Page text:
Richard Maloney Editor ................248-7134, Jennie Key Community Editor ..........853-6272, Kurt Backscheider Reporter ............853-6260, Melanie Laughman Sports Editor ......248-7573, Tom Skeen Sports Reporter .............576-8250, To place an ad...........................513-768-8404, For customer service...................853-6263, 853-6277 Sharon Schachleiter Circulation Manager ..................853-6279, Mary Joe Schablein District Manager .......................853-6278 Stephanie Siebert District Manager.......................853-6281


To place a Classified ad ................242-4000,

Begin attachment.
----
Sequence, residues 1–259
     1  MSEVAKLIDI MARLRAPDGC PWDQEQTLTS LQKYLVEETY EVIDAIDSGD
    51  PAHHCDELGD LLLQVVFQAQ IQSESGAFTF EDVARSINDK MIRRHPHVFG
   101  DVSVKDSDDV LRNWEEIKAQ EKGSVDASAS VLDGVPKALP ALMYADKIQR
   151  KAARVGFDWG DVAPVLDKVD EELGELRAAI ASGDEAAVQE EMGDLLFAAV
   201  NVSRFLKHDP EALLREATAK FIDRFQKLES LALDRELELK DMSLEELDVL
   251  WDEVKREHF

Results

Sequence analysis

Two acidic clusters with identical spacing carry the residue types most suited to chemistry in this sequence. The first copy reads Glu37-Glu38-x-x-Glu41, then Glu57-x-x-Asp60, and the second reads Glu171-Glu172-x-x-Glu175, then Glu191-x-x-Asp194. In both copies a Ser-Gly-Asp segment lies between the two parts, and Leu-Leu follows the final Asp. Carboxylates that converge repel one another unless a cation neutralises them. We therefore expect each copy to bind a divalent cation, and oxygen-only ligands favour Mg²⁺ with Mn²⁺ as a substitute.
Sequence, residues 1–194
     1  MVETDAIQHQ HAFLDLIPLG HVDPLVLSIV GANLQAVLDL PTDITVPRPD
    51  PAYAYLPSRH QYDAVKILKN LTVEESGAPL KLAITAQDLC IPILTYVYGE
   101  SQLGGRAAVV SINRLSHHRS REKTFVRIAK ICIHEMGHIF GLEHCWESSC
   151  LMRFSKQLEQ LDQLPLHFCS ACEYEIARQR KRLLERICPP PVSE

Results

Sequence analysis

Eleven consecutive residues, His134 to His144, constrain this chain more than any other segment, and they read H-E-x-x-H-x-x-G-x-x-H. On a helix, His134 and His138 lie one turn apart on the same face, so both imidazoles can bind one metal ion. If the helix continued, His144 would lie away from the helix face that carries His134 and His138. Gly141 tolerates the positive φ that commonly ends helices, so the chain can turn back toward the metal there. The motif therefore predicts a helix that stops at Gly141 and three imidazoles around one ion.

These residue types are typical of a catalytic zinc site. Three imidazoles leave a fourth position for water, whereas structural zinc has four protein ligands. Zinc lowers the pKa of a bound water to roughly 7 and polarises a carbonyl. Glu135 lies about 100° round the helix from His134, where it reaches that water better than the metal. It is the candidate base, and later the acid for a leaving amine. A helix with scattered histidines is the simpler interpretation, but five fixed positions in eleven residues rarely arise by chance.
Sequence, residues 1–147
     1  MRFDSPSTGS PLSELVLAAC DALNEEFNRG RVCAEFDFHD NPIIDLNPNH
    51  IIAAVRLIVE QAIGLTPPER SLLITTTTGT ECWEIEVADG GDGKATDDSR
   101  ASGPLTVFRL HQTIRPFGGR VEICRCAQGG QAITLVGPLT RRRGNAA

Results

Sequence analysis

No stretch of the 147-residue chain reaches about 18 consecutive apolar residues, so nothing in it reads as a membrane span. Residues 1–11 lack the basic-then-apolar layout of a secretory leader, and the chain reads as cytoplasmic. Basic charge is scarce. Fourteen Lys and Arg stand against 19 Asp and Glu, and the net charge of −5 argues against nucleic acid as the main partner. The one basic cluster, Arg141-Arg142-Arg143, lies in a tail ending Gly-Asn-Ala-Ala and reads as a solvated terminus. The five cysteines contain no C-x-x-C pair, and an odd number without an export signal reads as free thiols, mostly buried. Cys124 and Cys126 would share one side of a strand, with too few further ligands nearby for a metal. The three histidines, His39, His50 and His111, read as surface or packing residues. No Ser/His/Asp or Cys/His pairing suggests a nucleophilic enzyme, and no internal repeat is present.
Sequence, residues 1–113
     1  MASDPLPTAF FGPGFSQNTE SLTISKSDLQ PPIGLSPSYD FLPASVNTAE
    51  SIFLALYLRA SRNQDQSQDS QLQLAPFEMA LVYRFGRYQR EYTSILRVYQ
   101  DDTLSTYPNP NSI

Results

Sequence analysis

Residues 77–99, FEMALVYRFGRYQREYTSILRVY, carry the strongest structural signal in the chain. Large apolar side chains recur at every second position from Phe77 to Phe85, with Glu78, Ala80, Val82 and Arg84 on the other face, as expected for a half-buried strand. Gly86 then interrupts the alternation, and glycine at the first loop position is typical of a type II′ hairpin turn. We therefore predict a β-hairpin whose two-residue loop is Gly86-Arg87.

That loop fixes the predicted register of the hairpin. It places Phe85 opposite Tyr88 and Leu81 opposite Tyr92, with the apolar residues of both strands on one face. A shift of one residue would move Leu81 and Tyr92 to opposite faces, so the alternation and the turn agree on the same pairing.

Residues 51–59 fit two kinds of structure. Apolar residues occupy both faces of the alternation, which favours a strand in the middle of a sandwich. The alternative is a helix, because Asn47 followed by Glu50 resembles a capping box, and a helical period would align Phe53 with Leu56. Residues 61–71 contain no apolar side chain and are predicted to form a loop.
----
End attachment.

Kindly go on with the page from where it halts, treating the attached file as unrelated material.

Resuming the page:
To place an ad in Community Classified, call 242-4000.

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July in order to replace the 90-year-old bridge spanning the Muddy Creek. Hamilton County Engineer Ted Hubbard said the old 244-feet steel truss bridge is being replaced with a concrete beam structure bridge with a reinforced concrete deck. “The old bridge was in severe need of replacement,” he said. Prus Construction is performing the work and Hubbard said crews set the new bridge’s concrete beams May 29. The beams

will support the new concrete bridge deck. He said one advantage of the new bridge is the fact it won’t require as much maintenance as a steel truss bridge. The $2.2 million bridge project began last July and was originally expected to be completed by May 31 of this year, but the completion date was pushed back until later this summer. Inclement weather played a role in the delay, and Hubbard said the construction team also en-